Full metal Planete

Title		Full metal Planete
Game Type	Strategy
Players		1-4
Compatibility	All
Submission	Angus Manwaring Profiled Reviewer

This was a forerunner to games like "Battle Isle" in that it brought "sex"
to the strategy game. Arguably unlike "Battle Isle" though, FMP didn't do
this at the cost of tactical depth. In the game, you and your opponents
are trying to mine as much metal from a planetoid as you can, within your
24 turns. In practice though, this is best achieved by annihilating the
opposition with the range of combat craft in your possession. These
consist of tanks, super tanks, and attack boats, although other
non-fighting vehicles, like barges, crabs (carrier vehicles) and weather
hens (able to build tanks and carriers, and forecast tides) are also

The game world is viewed from above with an optional hex overlay. Control of
the various functions is well implemented, and there are handy features on
the map screen that display, for example, tidal effect, and the fire zone
generated by your offensive units at the click of an icon. The sound is
appropriately clunky and metalic, and there is even a simple art program
you can use to design your own flag. The AI of the computer controlled
players is quite limited. It doesn't plan as such, it just analyses the
situation on a turn-by-turn basis and then quietly executes it's
decisions. As Kirk Douglas once said, "You can't teach them sacrifice."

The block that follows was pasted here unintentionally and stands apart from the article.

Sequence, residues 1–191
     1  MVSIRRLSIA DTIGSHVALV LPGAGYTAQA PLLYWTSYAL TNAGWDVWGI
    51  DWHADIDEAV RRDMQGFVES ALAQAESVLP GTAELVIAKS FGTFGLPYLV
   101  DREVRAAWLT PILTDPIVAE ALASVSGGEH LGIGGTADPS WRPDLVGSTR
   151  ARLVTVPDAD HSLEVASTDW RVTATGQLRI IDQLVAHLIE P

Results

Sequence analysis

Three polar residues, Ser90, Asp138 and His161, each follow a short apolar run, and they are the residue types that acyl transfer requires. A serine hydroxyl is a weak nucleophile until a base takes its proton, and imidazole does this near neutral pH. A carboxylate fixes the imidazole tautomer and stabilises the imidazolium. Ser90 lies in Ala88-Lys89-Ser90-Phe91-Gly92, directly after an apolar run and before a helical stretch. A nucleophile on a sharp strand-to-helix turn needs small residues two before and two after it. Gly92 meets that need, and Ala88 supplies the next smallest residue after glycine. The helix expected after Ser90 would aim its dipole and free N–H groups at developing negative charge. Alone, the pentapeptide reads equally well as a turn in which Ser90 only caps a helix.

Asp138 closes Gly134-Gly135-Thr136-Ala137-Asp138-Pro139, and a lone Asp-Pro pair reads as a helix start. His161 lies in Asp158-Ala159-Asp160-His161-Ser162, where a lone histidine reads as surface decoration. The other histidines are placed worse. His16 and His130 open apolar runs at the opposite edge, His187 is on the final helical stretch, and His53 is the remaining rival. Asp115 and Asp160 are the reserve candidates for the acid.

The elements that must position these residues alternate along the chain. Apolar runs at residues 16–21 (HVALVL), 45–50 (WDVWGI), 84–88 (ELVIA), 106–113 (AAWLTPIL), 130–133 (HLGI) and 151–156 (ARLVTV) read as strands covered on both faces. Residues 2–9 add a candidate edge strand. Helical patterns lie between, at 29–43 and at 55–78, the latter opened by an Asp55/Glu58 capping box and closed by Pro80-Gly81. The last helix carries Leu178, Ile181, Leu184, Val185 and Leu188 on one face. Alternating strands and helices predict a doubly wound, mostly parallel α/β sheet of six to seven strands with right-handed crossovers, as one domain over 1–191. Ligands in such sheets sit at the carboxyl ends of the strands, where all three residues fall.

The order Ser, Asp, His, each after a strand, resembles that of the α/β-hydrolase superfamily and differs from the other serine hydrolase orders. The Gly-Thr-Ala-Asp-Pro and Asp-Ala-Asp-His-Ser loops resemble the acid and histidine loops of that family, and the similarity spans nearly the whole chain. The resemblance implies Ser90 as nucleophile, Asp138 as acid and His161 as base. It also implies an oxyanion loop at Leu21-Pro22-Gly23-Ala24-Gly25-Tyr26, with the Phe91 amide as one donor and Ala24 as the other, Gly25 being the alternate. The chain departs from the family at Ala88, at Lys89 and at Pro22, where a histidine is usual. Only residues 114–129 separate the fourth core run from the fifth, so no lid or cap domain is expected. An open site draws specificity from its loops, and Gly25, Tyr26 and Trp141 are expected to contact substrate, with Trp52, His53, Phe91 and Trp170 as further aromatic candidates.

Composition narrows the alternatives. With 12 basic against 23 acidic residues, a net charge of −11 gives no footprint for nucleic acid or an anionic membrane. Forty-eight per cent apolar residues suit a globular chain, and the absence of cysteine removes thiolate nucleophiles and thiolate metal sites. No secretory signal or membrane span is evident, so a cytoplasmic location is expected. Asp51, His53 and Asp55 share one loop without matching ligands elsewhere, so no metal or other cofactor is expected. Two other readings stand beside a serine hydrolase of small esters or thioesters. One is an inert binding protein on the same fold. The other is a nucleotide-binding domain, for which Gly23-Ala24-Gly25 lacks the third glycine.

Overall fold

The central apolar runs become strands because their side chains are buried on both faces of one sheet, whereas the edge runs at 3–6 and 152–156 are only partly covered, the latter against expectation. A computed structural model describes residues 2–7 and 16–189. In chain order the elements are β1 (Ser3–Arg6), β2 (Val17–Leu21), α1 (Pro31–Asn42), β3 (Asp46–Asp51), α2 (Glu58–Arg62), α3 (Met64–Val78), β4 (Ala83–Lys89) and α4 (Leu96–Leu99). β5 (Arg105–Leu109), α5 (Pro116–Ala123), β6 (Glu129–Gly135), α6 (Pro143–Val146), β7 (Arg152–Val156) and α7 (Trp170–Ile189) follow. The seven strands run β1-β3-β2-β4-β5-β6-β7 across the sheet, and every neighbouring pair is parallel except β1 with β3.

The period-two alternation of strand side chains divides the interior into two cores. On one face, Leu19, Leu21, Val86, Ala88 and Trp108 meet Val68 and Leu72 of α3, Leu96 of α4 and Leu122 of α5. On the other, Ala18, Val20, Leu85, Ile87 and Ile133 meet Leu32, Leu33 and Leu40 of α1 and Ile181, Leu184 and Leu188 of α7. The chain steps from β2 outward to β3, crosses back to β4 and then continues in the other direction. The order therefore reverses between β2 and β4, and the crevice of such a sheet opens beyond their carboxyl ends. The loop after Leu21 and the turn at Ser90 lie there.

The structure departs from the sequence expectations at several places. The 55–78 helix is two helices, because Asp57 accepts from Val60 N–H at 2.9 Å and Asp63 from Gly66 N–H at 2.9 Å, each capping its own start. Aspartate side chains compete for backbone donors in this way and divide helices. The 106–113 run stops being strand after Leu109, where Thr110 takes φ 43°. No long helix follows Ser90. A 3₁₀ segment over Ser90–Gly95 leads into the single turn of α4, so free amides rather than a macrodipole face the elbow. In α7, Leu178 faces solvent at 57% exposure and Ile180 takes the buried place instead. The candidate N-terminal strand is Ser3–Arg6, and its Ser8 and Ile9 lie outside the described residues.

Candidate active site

and this is often their undoing. Be careful though, the AI may not be that
clever, but within it's own limitations, it doesn't make mistakes - The
rest of us frequently do, and if you've set the time allowed per turn to a
reasonably challenging setting, the computer will often give you quite a
run for your money. In FMP your alloted movement is fully transferable,
so you could, for instance, move everything slightly, or alternatively
pull off some stunning attack strategy by using all your movement on one or
two vehicles. To further accentuate this possibility you can hoard your
movement points (up to a fixed amount) and then when you have sufficient,
attempt a game winning masterstroke against your opponent.

To actually attack anything though, you'll need to have 2 armed vehicles
in range of your target. This may not seem very realistic, but it does
create a very challenging game. Additionally, all areas that are in range
of the 2 (or more) vehicles may not be entered by the enemy on his
turn.... unless, that is, they make use of the "second arrival" manoeuvre.
Basically this allows you to enter a protected zone providing your very
next move destroys the vehicle or vehicles generating that zone. It sounds
complex, but actually the gameplay hangs together beautifully.

Where I used to work, we had an Amiga for generating titles on a video
editing suite, and every lunchtime for months, four of us, plus spectators
would sit round the 1084 monitor needling each other and desperately
trying to pull off some spectacular strategy. There is an armchair General
in everybody, and given a fair chance this game will happily prove that.

I'd recommend Full Metal Planete to pretty much anybody, it may not be
quite what the average strategy fan is looking for; there are less units
in the game than the in Battle Isle games, and the purpose is actually
collecting metal rather than specifically conducting offensive operations
against your competitors - but the combat is done superbly. It's about
planning, seizing opportunities and working quickly under pressure. There
is almost no luck involved, you take the credit or the blame yourself, and
the computer doesn't cheat.

Category list.

Alphabetical list.